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The Simple Invitation to Prayer

"What has helped me?"

Our commitment as a church is to advance the Gospel as a Kingdom family. As we drill down on advancing through small steps and simple invitations, Lumumba was preaching out of Revelation and asked the question, "What has helped me in sharing the word of my testimony?" I was particularly caught by his first point of prayer.

Jesus taught us to pray. Prayer is unique to humankind and a primary indicator of the faithfulness of God's people. God hears every prayer. It is transformational, impactful, good for the soul, empowered by the Spirit, and necessary for our intimate relationship with the Creator of the universe.

Yet we often treat it as a daily chore.

When prayer becomes an after thought for me I begin to forget who I am in Christ, that I have been called and sent by God, and what I have been sent to do. When my prayer life is weak it becomes a laundry list of what I hope God will do for me instead of remembering who He is and listening to what He has to say. Prayer must be my first response, my last resort, and a vital aspect of everything in between.

For Lumumba, he is now at a place where he can see that God has often answered his prayers by sending relationships. Those who mentored him, listened to him, and cared enough to spend time with him. Now he carries on that mission with the new friends he encounters (by the way, how great is it that Lumumba refers to everyone he teaches as his friends?). Prayer is the most powerful weapon on earth. Yet, how focused do I become on whether God is answering my prayers that I forget He might be positioning me as the answer for someone else? As the church, we are God's chosen agent in this time and place.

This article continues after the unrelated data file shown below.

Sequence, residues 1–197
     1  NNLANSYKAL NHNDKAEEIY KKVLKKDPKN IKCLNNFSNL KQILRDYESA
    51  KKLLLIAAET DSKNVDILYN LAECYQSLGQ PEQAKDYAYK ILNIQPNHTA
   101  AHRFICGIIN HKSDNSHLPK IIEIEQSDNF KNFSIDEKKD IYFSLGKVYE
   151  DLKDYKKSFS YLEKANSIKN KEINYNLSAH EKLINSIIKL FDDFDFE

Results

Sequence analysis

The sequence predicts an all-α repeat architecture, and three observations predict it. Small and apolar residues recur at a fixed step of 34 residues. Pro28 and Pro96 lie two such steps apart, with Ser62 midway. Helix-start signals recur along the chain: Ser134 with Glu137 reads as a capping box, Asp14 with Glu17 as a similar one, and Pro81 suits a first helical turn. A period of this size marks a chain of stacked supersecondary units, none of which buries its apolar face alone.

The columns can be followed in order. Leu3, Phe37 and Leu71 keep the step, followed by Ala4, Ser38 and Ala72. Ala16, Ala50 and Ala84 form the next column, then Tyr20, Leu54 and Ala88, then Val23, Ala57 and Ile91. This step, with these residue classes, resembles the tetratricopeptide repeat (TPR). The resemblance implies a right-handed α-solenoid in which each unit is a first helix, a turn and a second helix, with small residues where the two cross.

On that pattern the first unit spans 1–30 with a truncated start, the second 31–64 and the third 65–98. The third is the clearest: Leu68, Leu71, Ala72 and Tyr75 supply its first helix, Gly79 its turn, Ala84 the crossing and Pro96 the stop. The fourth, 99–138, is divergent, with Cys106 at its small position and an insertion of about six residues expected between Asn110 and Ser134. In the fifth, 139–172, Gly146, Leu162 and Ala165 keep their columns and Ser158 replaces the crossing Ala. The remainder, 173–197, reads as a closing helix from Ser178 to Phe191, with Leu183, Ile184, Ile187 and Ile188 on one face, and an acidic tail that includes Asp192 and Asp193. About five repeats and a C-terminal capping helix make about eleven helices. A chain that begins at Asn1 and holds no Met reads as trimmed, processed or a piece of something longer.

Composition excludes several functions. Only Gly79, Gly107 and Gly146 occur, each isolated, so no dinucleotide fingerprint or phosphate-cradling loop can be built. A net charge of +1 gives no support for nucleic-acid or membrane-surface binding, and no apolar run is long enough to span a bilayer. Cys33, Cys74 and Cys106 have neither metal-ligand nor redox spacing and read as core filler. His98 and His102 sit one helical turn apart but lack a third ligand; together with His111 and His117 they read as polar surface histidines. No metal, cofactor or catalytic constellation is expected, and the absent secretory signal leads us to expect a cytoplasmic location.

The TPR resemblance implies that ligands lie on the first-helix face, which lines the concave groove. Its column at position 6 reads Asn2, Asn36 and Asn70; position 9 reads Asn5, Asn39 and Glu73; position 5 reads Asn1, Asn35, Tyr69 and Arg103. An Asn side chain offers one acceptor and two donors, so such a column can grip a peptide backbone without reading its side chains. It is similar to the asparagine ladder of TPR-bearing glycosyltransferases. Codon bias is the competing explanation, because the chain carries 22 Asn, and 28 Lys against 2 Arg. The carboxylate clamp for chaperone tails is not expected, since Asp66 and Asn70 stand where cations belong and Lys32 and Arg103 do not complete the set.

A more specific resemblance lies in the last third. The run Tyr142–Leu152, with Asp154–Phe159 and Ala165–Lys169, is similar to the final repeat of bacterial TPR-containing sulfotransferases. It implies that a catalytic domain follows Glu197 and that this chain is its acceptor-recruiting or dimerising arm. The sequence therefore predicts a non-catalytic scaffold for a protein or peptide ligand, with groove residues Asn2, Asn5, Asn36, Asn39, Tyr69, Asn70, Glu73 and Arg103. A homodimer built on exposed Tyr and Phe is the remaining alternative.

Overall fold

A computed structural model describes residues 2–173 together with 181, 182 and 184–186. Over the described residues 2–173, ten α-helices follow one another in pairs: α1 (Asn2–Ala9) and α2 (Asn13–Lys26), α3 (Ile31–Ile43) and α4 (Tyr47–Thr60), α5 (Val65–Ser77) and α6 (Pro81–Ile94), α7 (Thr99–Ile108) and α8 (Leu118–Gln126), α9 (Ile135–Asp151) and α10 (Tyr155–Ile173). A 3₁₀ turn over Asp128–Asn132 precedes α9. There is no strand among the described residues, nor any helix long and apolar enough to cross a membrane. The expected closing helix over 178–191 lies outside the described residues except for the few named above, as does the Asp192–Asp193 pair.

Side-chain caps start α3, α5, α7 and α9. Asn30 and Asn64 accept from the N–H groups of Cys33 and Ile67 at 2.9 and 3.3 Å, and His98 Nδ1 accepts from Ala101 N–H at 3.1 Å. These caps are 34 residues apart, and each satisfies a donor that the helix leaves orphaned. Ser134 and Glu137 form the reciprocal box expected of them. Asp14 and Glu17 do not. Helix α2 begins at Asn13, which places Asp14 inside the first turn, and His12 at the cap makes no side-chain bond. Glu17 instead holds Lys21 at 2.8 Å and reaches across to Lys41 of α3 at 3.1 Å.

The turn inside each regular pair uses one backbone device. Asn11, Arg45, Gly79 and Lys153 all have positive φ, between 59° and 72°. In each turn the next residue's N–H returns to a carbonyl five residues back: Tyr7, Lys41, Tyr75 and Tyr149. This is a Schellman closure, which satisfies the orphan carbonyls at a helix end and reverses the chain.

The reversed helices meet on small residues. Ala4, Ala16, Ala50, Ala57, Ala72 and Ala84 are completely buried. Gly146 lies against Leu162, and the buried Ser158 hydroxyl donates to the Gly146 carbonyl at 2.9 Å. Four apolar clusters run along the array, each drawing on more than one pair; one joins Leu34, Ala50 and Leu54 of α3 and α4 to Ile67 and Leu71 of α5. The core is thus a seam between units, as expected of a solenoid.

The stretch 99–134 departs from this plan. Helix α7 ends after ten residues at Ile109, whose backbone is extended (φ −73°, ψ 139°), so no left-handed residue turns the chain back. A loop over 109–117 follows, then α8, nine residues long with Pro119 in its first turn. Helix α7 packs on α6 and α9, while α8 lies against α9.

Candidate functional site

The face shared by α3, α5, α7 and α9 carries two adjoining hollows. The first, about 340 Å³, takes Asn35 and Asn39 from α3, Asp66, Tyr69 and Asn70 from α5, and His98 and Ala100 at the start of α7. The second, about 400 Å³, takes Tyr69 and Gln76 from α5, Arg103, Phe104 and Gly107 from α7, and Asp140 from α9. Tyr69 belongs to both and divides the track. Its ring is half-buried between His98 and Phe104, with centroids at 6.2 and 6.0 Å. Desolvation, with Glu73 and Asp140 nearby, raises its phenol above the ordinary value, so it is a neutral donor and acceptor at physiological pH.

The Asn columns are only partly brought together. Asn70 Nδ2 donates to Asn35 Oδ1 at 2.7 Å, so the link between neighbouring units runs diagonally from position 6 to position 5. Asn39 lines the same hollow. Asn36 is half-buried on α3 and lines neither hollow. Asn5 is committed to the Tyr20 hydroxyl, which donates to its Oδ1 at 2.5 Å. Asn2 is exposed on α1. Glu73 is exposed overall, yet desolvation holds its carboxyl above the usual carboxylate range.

When I pray, I need to remember to ask God to keep me mindful of others. Loving my neighbor is not the decision to approve of their existence or tolerate their presence but to care enough to listen, spend time, and build relationship that they may see the work of Christ and the truth of the Gospel in my life. That relationship may lead to a simple invitation to meet the church family or a small act of kindness, but the most profound first step I can take is to begin with prayer. The more frequently I talk to God the more my prayers shift to an outward focus. Not just to lay down what I hope for but to listen to what He would ask of me.

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